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Perfect Mount Quandary

shayla

WOW Framer
Tiny canvas print, with a mat window of 5 5/8 x 14 1/4". No need to stretch, and if mounting, even at 130 degrees for heat-activated foam, there's no way of telling what the print coating (over the ink) would do. Hesitate to use fabric glue, because what if it soaked through and messed with the ink. So, having used it twice in 27 years, I went for three with Perfect Mount. Followed directions, left it weighted overnight, and the canvas peels right up. Left it for way longer, and still peels up. I finally put it in a cool vacuum press for about twelve minutes, and that helps some. But you can still pull it off.

I'm wondering if, without pull pressure, it would stay put over the years, or eventually separate. I don't want to send it out if it would bubble, but for all I know, with that tiny size, it would be fine. Feel free to say what your experience with it has been, as well as whether you do mount digital prints on canvas with fabric glue or heat activated foam. I've done a few at 130, but am never sure how the print coating will do.
 
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David Hewitt

CGF II, Certified Grumble Framer Level 2
Perfect Mount is a low tach adhesive, and is normally removable, Kool Tach also can peel off and needs to cure under weight. Larsons Mountcorr for canvas (canvas has double the glue) holds well at 130 temp and does not need to cool down under weight. You need Mountcorr canvas not Mountcorr paper.
We also mount a lot of canvas on masonite or diebond using Franks fabric adhesive, a paint roller works great for even distribution.
 

wpfay

Angry Badger
If the piece is to be over matted, why not simply hinge it?
If the top coating is acrylic gel medium, it can reactivate as an adhesive with heat, so your caution is correct. Could you do a test with some tissue and a tacking iron on the margin that will be covered by the mat? On the other hand, if it is acrylic gel medium, that indicates the piece is not water sensitive and using a fabric glue or acrylic gel medium should be safe for mounting. Take care in choosing a substrate that won't react to the application of a water based adhesive.
I have had little success with pre-coated pressure sensitive mount boards. Even with the roller press, they tend to lift pretty easily.
David's suggestion of Canvas Mountcor is probably the easiest and most certain to work if the piece can take the heat.
 
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shayla

WOW Framer
If the piece is to be over matted, why not simply hinge it?
If the top coating is acrylic gel medium, it can reactivate as an adhesive with heat, so your caution is correct. Could you do a test with some tissue and a tacking iron on the margin that will be covered by the mat? On the other hand, if it is acrylic gel medium, that indicates the piece is not water sensitive and using a fabric glue or acrylic gel medium should be safe for mounting. Take care in choosing a substrate that won't react to the application of a water based adhesive.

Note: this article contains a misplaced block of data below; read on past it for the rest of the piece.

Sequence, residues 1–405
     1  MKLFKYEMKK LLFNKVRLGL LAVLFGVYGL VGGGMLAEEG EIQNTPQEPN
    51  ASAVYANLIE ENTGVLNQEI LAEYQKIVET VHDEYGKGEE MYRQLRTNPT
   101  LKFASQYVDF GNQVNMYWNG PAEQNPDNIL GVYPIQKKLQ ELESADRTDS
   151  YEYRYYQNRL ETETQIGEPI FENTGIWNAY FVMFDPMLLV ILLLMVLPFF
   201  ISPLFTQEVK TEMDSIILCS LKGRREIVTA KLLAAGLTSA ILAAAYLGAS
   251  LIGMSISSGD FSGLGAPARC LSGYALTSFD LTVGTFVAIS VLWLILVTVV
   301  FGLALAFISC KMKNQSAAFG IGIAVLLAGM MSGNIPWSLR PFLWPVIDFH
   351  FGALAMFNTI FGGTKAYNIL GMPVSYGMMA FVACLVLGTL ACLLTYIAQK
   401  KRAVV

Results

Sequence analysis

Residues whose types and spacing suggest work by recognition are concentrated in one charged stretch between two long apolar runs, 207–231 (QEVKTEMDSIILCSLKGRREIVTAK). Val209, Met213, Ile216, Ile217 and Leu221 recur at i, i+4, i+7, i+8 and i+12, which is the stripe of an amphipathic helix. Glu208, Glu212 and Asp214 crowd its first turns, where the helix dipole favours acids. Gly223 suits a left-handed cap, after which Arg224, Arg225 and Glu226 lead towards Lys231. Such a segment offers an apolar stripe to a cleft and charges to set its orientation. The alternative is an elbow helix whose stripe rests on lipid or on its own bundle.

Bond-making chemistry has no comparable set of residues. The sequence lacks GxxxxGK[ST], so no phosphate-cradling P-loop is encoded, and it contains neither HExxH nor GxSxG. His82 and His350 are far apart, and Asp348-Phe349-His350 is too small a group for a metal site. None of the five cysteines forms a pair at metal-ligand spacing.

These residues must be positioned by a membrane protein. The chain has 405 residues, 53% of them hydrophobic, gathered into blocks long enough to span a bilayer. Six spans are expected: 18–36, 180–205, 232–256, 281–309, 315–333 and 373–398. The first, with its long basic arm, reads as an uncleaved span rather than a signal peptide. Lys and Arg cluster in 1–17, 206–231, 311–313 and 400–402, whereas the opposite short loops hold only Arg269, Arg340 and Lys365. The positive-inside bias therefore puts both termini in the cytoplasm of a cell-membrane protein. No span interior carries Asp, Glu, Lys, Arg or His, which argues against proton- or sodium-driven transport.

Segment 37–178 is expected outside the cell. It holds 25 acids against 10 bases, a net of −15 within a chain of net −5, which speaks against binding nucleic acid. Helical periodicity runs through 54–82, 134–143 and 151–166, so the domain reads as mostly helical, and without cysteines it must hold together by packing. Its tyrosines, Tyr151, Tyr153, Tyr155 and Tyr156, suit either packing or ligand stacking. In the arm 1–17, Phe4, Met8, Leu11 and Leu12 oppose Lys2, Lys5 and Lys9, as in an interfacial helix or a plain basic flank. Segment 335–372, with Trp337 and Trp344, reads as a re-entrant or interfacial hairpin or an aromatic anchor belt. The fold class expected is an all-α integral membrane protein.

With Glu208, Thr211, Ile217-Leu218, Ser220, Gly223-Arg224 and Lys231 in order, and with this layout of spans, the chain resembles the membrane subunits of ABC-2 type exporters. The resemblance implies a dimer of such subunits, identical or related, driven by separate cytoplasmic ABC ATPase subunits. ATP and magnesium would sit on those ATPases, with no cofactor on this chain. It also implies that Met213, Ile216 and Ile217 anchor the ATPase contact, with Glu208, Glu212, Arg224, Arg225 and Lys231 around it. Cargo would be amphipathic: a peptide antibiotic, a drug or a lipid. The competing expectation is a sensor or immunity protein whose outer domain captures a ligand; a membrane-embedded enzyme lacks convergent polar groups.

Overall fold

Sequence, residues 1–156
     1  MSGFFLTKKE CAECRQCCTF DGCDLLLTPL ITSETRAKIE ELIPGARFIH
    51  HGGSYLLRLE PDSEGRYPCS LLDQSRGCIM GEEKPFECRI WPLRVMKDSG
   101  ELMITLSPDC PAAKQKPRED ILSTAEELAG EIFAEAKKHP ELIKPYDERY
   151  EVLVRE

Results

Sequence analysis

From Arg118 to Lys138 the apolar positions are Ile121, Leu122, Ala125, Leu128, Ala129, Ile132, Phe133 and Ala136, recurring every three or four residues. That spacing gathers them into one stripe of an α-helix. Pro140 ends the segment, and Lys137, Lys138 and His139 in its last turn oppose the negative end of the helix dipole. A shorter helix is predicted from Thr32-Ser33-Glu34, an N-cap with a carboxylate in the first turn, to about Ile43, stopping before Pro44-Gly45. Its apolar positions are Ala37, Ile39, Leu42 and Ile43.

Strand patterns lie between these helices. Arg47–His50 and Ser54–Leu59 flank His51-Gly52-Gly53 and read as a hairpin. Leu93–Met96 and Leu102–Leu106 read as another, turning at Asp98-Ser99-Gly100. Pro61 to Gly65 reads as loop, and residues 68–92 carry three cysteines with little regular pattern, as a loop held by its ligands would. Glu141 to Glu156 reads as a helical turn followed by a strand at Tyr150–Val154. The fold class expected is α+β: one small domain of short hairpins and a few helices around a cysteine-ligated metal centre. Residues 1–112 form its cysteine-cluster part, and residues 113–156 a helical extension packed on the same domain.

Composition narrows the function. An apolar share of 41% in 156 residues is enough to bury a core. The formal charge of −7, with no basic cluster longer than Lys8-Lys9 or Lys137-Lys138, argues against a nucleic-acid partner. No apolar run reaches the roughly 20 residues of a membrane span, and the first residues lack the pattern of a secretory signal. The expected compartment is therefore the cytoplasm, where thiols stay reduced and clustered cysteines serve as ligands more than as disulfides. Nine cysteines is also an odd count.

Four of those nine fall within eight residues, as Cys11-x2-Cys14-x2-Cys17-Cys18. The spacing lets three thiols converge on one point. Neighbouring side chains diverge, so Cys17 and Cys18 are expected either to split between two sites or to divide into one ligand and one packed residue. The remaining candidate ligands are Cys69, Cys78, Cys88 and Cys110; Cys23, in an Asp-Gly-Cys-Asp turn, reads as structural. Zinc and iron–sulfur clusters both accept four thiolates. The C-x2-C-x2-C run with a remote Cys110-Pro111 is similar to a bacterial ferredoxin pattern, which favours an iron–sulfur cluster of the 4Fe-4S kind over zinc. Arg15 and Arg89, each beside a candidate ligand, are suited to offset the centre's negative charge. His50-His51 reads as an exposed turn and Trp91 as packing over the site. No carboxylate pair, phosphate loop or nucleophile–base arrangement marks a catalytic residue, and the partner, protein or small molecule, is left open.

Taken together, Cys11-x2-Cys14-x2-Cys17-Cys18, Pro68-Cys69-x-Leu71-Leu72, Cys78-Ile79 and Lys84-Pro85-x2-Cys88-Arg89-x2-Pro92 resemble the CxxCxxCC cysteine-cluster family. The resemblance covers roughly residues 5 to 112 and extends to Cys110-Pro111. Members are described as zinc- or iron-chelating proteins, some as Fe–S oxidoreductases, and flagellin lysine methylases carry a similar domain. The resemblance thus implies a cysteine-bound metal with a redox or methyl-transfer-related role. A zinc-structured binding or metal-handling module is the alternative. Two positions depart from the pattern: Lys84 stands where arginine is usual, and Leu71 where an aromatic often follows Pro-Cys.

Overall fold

I have had little success with pre-coated pressure sensitive mount boards. Even with the roller press, they tend to lift pretty easily.
David's suggestion of Canvas Mountcor is probably the easiest and most certain to work if the piece can take the heat.
Thanks for your note. I use Canvas Mountcor, but really hesitate on coated prints, because of the coating. Even if the digital ink does fine, I once had a coating go from smooth and matte to somewhat mottled. In telling this customer, whose print was shipped from Israel, she didn't want to take the risk. I was really wishing she'd say to go ahead. As for doing a test strip, I mentioned it, but the only extra piece is a scrap of bright white about 3/4" wide, and it would be a trick to see if the coating was affected. We did hinge a small canvas print several years ago, but I've always wondered if, because it's fabric, it later rippled. Have you hinged them?

I'm thinking of just sending it like this and telling her to bring it back if it ever bubbles. It's pretty tiny, and who knows, maybe it only releases when lifted.
 

Rick Granick

SPFG, Supreme Picture Framing God
Those canvas prints often have a coating on the back that doesn't stick well to self-adhesive board (even Elmer's, which is high tack and pretty aggressive). I would use Frank's Fabric Adhesive, and attach while it is still tacky, so it doesn't have to be reheated to activate. Let dry under weight.
:cool: Rick
 
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